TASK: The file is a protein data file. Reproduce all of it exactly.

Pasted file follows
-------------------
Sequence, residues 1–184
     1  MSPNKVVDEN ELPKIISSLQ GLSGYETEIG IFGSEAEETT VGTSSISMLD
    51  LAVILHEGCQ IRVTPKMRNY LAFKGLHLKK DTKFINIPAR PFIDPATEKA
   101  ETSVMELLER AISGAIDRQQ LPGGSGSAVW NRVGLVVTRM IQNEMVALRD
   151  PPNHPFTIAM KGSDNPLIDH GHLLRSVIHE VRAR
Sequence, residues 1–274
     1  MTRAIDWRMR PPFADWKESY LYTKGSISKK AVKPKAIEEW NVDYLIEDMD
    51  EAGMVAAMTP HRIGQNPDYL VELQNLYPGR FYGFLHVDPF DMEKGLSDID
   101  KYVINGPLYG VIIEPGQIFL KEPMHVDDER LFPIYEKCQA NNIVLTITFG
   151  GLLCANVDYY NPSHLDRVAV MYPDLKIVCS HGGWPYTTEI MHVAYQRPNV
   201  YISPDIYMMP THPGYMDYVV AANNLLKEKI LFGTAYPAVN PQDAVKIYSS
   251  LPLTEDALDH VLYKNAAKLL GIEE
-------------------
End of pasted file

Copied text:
Sequence, residues 1–184
     1  MSPNKVVDEN ELPKIISSLQ GLSGYETEIG IFGSEAEETT VGTSSISMLD
    51  LAVILHEGCQ IRVTPKMRNY LAFKGLHLKK DTKFINIPAR PFIDPATEKA
   101  ETSVMELLER AISGAIDRQQ LPGGSGSAVW NRVGLVVTRM IQNEMVALRD
   151  PPNHPFTIAM KGSDNPLIDH GHLLRSVIHE VRAR
Sequence, residues 1–274
     1  MTRAIDWRMR PPFADWKESY LYTKGSISKK AVKPKAIEEW NVDYLIEDMD
    51  EAGMVAAMTP HRIGQNPDYL VELQNLYPGR FYGFLHVDPF DMEKGLSDID
   101  KYVINGPLYG VIIEPGQIFL KEPMHVDDER LFPIYEKCQA NNIVLTITFG
   151  GLLCANVDYY NPSHLDRVAV MYPDLKIVCS HGGWPYTTEI MHVAYQRPNV
   201  YISPDIYMMP THPGYMDYVV AANNLLKEKI LFGTAYPAVN PQDAVKIYSS
   251  LPLTEDALDH VLYKNAAKLL GIEE